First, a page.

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Well, there’s really two parts to how we handle matters for medical devices. The first part is protecting the device and see if you can get protection for it at the patent office. And the second part is whether it can bring that product to market, where they’re going to have freedom to operate issue.
We usually start with getting something on file that’s quick, just to preserve the idea. We are in a first-to-file world right now, so it’s a race to the patent office. The sooner you get there, the better. So typically, we file as quickly as we can on medical devices with just simple provisional applications to protect them. And then we start the process of commencing with freedom to operate. And that involves doing a search at the patent office, either in the United States or foreign countries, depending on what the client wants to clear; and that search can take anywhere from a week to three to four weeks to get done.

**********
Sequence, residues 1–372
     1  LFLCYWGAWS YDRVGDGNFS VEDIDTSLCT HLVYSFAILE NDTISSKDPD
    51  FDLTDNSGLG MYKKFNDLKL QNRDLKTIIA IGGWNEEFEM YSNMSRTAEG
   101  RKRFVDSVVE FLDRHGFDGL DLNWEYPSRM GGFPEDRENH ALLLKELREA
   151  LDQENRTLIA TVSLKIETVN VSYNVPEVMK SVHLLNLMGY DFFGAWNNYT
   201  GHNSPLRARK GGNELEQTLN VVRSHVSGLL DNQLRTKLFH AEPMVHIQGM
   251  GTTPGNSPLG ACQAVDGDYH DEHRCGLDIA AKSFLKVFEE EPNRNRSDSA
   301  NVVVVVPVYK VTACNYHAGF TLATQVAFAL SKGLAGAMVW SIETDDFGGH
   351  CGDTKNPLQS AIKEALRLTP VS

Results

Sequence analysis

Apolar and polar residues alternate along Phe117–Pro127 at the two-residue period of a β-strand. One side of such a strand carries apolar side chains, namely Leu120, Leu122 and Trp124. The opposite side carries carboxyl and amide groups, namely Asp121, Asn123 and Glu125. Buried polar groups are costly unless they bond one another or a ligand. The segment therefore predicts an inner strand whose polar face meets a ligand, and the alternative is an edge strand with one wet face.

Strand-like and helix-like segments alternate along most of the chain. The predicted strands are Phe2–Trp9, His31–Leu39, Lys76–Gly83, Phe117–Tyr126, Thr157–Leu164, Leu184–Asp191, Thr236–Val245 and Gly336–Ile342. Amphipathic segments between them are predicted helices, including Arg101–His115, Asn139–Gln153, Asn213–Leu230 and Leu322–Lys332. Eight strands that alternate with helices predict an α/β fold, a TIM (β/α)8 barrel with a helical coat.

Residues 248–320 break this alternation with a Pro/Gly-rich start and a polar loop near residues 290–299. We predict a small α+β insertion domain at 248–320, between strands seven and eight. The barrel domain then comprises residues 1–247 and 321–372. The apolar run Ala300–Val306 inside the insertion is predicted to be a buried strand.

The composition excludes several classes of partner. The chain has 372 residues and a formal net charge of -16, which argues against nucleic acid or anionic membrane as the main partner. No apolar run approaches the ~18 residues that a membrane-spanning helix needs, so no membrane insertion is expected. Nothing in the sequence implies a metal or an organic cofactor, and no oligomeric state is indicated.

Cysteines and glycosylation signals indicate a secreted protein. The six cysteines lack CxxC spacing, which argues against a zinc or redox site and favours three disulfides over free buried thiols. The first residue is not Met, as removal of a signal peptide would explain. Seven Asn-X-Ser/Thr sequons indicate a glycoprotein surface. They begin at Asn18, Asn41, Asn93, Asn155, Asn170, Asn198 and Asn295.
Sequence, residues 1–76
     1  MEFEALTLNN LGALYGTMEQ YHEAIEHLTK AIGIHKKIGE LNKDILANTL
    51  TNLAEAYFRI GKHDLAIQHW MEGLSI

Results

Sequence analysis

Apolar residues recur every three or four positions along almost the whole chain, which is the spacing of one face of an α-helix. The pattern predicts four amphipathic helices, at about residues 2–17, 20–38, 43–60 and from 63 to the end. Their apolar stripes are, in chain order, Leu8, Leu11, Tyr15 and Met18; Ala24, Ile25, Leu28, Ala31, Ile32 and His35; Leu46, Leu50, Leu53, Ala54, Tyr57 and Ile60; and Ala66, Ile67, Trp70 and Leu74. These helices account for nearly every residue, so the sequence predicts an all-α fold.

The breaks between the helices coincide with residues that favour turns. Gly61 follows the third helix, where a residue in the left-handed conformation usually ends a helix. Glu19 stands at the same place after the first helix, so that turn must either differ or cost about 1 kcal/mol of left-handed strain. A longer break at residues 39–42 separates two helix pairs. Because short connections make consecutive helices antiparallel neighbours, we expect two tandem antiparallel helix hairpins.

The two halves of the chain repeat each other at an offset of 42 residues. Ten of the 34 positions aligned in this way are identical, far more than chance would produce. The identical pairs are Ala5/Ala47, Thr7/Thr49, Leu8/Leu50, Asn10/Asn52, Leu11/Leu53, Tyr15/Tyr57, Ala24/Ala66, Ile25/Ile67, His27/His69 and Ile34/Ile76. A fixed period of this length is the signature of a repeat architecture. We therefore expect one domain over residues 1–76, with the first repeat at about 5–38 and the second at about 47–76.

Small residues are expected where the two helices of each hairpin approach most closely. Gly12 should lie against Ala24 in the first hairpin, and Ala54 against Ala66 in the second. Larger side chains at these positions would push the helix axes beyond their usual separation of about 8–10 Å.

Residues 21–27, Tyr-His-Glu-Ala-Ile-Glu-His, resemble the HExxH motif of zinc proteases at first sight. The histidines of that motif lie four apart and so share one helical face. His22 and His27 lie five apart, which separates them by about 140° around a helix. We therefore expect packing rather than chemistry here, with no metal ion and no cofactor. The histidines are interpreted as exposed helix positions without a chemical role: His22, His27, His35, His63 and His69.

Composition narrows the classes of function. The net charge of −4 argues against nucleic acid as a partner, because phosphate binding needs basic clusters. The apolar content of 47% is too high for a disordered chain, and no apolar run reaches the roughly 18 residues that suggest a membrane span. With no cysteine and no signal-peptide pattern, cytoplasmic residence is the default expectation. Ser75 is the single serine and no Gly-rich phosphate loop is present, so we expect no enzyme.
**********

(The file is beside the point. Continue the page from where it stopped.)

Once it comes back, we get a stack of patents to look at to see if we think they’re going to be conflicting with the new products that are coming out. That analysis is done and if we see if we have a problem with a particular patent, we pull the client in, and we sit down, and we have a discussion with them and say, “Look, we’re concerned. We need to look at more detail on this particular patent. We have to go back and look at the file history, the record of the proceedings before the patent office, the give-and-take between the patent examiner and the owner of that patent, and what was said to see how that patent is construed and to be interpreted.”
If we think it’s a problem, we then have a conversation about possibly changing the design to avoid the patent, or potentially going to the patent owner and asking for rights in that patent. It can go in multiple directions. Sometimes it’s a simple process, where the patents come back and there’s no issues, and we can give it our blessing, go into the market and sell without fear of getting sued for patent infringement by a competitor.
Philadelphia, PA intellectual property lawyer Martin Belisario talks about his firm’s approach to medical device IP.